Thursday, June 3, 2010

FDA Action and Enforcement Involving Medical Product Misbranding

FDA closely monitors the development, performance, safety and efficacy of drugs, diagnostics, biologics, personalized, combination, traditional, proteomics, genomics and delivery device systems as well as investigating illegal actions involving Internet "website" misbranding of drugs, claims, marketing, sales initiatives, advertising and otherwise. In 2009, for example, FDA coordinated a week long, global effort to uncover such illegal activities. Via the IIWA, FDA issued at least 22 warning letters pertaining to "website" illegal claim and misbranding activities involving:
  • service providers
  • domain name registrars
  • selling products violators
  • prescription drugs
  • pharmacies
  • counterfeit drugs
  • contaminated drugs
  • expired drugs
  • adulterated drugs
  • unapproved drugs
  • active ingredient inconsistencies
  • change of formulation
  • batch to batch, lot to lot deviations
  • CMC changes
  • counterfeit claims
  • altered medical devices.

Divisions at FDA working in conjunction with FDA's OCI, Office of Criminal Investigation, CDER, Center for Drug Evaluation and Research, Office of Regulatory Affairs, targeted 136 websites who were actively and knowingly engaged in the marketing and sale of unapproved and/or misbranded medical products and drugs. The penalties for such illegal actions are civil and criminal, resulting in imprisonment, fines, immediate company closure, loss of operating licenses and otherwise. The violations trigger immediate loss of service provider and domain name registrars, revocation, suspension and termination. Seizure and elimination of the illegal supply chain, drug, medical products and devices are immediate. The protection is enforced due to the medical risk and danger to patients and consumers trusting false, misleading, misbranded, illegal claims for profit.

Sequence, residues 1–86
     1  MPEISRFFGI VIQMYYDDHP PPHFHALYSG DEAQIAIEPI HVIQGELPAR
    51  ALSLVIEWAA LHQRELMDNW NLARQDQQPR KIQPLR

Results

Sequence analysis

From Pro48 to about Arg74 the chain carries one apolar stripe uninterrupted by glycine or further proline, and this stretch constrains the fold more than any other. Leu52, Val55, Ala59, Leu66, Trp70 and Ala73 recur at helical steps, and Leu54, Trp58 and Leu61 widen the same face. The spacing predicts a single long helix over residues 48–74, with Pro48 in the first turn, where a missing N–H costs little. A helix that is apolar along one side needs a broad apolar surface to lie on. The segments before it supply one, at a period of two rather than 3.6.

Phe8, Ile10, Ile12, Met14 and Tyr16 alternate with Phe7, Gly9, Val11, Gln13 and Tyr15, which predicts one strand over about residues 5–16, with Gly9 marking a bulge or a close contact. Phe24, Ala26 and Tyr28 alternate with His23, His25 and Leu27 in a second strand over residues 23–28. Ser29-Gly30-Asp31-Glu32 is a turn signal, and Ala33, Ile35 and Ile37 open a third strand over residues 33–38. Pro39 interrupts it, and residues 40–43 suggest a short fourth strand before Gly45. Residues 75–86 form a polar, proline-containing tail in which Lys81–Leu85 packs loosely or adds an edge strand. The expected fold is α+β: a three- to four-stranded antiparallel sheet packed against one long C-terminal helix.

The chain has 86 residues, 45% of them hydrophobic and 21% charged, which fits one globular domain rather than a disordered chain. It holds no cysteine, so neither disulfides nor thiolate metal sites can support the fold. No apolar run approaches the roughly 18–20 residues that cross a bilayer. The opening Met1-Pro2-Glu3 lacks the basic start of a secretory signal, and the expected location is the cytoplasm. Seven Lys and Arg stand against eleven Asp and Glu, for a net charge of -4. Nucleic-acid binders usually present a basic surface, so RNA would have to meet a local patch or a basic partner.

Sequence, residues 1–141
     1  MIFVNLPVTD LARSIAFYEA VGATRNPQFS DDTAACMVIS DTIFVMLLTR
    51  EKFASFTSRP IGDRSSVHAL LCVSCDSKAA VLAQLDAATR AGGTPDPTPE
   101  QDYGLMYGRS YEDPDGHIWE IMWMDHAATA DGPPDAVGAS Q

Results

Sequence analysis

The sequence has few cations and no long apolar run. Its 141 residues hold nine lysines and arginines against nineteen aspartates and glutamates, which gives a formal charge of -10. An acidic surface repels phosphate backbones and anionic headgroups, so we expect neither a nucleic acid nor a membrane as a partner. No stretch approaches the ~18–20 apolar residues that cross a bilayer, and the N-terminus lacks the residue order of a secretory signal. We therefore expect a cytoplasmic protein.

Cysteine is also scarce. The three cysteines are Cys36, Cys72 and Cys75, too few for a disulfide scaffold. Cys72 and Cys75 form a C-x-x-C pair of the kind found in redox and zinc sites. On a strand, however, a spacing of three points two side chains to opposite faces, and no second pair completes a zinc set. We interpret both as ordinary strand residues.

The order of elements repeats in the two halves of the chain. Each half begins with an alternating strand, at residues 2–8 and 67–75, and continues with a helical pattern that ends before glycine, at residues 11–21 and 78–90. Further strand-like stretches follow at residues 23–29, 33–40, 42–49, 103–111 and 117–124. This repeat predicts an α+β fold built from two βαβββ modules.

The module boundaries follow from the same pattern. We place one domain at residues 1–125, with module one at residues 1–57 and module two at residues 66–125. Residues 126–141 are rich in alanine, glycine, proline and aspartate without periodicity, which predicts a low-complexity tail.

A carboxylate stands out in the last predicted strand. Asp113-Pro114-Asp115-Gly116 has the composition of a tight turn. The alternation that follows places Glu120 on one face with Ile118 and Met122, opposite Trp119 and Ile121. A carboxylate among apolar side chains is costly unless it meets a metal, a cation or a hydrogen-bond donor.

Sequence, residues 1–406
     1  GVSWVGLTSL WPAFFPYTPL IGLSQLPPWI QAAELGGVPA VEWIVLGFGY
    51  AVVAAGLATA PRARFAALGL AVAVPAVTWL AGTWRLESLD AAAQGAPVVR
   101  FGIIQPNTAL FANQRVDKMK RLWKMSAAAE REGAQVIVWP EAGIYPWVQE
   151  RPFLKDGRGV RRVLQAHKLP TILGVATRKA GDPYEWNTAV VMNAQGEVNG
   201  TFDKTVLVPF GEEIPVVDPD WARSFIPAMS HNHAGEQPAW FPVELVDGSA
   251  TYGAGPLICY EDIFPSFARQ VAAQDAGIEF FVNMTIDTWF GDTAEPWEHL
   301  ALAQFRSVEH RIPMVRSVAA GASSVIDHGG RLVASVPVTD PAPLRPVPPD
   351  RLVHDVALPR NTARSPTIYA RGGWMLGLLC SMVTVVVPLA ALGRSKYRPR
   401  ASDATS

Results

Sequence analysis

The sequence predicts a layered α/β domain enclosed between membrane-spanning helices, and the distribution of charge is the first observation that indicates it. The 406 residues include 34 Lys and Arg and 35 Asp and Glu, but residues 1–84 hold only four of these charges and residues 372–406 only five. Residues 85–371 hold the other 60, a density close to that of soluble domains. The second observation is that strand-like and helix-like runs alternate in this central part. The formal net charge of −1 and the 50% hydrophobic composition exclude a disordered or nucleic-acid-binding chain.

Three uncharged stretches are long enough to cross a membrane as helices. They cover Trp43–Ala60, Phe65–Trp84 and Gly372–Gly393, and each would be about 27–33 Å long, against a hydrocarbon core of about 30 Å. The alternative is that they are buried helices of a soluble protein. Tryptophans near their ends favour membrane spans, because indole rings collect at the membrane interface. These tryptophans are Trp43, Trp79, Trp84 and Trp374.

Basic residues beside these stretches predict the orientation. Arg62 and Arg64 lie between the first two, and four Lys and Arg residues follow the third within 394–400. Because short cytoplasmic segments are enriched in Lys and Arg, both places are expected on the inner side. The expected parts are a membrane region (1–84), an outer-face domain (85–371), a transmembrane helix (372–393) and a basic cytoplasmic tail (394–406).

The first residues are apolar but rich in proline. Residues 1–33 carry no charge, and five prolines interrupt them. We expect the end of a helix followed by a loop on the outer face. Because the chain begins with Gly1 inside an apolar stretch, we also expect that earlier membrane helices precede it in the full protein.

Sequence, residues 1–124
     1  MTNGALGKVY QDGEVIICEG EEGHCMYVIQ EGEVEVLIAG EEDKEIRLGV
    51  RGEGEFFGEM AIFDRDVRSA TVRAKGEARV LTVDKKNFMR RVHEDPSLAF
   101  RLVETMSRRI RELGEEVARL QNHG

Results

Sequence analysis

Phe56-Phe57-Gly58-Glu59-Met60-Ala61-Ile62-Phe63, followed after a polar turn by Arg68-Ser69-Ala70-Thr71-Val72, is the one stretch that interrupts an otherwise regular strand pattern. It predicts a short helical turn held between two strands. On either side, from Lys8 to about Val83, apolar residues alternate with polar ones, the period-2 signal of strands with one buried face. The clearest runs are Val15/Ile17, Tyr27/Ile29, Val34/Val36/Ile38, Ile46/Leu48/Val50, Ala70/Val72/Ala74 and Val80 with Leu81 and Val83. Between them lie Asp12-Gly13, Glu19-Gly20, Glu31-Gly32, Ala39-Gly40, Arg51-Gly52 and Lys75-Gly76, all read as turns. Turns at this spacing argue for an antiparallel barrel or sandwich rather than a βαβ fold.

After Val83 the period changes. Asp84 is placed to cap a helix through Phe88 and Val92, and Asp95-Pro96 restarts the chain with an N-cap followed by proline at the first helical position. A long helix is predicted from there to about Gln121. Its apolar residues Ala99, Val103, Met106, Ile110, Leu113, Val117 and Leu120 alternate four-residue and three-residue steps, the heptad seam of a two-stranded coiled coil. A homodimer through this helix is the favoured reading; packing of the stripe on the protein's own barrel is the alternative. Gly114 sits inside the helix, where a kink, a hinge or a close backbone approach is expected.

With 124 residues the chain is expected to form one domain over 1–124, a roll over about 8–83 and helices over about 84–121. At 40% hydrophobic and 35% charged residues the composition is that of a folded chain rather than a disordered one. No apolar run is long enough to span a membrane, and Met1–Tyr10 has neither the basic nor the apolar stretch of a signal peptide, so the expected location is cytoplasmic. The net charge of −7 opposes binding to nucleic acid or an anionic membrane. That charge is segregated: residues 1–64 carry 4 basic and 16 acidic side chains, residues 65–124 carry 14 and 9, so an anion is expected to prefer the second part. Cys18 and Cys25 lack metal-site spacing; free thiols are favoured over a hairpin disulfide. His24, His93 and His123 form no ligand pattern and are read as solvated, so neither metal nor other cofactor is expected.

The initiative was sponsored by the ICPO, International Criminal Police Organization, the World Health Organization's International Medical Products Anti-Counterfeiting Task Force, the Permanent Forum on International Pharmaceutical Crime and national health and law enforcement agencies from 24 participating countries. Immigration, Customs, Border Protection, US Postal and other government worldwide agencies were involved in the week long effort to curb civil and criminal "misbranding" activities.

Information pertaining to the warning letters issued by FDA pertaining to the information cited above may be found on

Monitor the quality, consistency, accuracy pertaining to branding and labels, claims. Adhere to agency compliance and meet regulatory requirements for all phases of medical product development, preclinical, CMC, clinical, application, implementation, surveillance, clinical submission, pre-approval, approval, post-approval commitments, advertising, marketing, branding, label requirements, claim substantiation and sales.

QC, QC and QC again. Monitor, monitor and monitor again.

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